Kenya has 640 kilometers of breathtaking coastline along the South Western Indian Ocean, affording the country a vast array of marine resources.Around a quarter of the US $2-3 billion global tuna catch is caught in this area.
Kenya has 640 kilometers of breathtaking coastline along the South Western Indian Ocean, affording the country a vast array of marine resources.
Around a quarter of the US $2-3 billion global tuna catch is caught in this area.
The catch within Kenya’s Economic Exclusion Zone (EEZ) alone is estimated to be 60,000 metric tonnes annually. Kenya has a long history of both coastal and inland fishing. The Kenyan fisheries sector is an export-oriented industry with value added processing that employs over 500,000 Kenyans and contributes around 0.5% to the GDP.
However currently the abundant marine resource in Kenyan waters, which unlike the tuna stock in other part of the world is considered stable, are fished by vessels from Distant-Water Fishing Nations and landed and processed elsewhere.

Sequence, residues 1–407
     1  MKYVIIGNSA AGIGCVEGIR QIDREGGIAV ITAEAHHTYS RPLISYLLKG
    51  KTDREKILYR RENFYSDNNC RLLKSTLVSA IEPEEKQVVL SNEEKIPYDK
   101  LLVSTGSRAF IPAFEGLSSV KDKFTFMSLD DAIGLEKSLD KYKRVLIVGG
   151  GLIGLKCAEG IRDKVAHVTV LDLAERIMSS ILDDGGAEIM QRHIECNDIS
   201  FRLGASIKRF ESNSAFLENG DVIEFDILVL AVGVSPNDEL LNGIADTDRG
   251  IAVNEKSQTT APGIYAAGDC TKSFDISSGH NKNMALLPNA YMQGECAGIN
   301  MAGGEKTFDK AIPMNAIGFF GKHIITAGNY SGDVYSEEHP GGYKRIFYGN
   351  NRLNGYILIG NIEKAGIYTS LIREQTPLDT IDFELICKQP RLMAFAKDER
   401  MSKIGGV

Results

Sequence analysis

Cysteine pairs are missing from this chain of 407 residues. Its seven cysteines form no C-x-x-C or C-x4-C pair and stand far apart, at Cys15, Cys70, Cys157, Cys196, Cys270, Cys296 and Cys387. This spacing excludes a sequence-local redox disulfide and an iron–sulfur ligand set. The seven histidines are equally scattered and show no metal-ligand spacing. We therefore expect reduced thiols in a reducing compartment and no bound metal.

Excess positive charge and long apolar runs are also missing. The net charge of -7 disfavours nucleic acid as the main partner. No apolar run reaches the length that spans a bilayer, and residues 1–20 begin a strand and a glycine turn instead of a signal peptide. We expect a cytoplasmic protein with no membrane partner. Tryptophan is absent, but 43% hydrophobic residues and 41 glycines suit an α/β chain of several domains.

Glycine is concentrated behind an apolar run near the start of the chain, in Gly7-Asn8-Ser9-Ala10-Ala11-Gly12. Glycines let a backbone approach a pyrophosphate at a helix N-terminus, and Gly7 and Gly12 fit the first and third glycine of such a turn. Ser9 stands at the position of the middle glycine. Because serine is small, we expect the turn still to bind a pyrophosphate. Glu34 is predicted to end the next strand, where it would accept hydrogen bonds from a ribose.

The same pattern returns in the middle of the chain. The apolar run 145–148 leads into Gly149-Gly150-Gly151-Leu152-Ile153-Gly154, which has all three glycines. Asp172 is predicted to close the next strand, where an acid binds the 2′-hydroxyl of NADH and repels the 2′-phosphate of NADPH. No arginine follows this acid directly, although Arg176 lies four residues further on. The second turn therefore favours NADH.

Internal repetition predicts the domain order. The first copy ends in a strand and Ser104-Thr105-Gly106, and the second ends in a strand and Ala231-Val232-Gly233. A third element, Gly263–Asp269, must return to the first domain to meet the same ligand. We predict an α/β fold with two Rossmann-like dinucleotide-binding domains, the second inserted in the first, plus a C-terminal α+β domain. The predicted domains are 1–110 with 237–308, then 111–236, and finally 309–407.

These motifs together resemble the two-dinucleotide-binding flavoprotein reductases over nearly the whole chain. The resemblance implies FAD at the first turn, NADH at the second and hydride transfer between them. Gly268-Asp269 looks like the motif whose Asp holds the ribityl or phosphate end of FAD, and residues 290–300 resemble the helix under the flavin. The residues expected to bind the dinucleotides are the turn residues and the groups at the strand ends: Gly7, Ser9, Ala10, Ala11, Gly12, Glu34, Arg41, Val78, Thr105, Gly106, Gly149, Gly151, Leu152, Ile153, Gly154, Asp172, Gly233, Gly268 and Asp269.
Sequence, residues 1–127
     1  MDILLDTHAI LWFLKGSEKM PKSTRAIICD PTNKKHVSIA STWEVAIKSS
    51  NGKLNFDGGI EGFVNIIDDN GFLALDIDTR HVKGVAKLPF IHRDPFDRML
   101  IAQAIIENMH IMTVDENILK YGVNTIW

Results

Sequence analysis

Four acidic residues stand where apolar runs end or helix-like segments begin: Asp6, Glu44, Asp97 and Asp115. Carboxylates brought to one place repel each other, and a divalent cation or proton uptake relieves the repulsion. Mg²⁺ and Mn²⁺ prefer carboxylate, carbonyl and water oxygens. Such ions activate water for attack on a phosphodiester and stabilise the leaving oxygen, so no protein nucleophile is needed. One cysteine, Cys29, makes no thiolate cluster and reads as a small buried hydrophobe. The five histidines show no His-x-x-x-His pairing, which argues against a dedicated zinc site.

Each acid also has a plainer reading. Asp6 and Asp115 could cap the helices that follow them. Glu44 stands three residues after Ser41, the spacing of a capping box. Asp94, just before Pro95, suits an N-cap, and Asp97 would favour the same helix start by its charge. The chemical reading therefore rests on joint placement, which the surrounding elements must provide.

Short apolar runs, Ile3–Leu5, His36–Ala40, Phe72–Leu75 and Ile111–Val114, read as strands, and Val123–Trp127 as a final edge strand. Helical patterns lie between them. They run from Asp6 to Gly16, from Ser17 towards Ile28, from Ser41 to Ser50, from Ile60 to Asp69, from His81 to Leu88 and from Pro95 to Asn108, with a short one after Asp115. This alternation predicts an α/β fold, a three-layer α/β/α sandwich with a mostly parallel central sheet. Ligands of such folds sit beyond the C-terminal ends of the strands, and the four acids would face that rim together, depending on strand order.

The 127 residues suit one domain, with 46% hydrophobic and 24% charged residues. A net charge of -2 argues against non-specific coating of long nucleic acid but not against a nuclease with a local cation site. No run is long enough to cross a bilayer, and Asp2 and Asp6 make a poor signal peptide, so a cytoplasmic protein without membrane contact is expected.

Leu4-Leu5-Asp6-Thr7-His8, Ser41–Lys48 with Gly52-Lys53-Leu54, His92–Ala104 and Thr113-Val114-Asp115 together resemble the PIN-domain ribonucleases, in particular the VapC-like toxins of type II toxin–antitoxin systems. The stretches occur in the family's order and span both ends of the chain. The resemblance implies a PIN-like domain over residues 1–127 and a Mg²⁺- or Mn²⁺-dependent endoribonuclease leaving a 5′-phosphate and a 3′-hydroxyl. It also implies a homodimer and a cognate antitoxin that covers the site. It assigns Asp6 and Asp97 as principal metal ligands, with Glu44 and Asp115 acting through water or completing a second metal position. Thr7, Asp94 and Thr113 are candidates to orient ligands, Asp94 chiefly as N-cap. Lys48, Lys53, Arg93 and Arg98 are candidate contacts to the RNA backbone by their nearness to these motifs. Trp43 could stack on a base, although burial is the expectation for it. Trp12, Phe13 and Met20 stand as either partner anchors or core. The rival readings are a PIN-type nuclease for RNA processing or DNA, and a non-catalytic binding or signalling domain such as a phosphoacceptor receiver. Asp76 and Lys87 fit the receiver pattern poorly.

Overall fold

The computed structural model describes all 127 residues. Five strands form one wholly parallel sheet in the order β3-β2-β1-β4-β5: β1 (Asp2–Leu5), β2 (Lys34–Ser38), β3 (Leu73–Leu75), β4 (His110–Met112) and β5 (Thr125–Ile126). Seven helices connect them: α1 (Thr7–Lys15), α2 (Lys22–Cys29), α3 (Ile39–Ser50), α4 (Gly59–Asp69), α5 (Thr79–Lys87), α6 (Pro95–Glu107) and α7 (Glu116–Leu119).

This is set to change as legislation takes effect which will provide both incentives and a legal mandate for the off-shore catch to be landed in Kenya.
The latest Economic Partnership Agreement with the European Union allows for an automatic derogation of 5,000MT of tuna loins for duty free/quota free export to the EU
And the Fisheries Management Bill contains a provision requiring Foreign Vessels fishing in the Kenyan EEZ to land part of their catch in Kenya.
It is anticipated that this could lead to an increase in revenue contribution from the fisheries sector from the current US $ 5 million up to US $ 120 million.
A catalytic investment is needed to allow for off-loading of ocean going fishing vessels, including a fish sorting plant and a 15,000 metric tonnes cold-storage facility.
This would create transformative investment opportunities in the fisheries value chain including fish processing and canning, fertilisers and animal feeds.